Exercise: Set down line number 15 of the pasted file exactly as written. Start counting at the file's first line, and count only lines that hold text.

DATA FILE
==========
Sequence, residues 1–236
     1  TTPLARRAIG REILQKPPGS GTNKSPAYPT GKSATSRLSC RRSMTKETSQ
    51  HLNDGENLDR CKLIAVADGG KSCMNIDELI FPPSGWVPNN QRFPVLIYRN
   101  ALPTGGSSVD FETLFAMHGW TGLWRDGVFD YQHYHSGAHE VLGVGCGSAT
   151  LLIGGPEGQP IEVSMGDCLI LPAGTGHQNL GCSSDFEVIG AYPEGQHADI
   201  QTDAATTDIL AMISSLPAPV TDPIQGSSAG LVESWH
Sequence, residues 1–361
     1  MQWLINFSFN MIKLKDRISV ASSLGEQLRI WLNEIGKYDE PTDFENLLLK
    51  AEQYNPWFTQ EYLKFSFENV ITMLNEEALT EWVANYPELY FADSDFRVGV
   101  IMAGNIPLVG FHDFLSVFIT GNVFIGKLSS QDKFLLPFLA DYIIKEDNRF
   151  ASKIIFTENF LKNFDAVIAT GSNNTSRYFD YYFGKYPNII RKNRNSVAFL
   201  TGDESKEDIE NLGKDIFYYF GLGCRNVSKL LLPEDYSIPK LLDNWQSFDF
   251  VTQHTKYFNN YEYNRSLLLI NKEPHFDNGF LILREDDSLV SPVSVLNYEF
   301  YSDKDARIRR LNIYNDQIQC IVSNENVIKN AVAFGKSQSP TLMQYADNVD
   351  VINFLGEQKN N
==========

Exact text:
   351  VINFLGEQKN N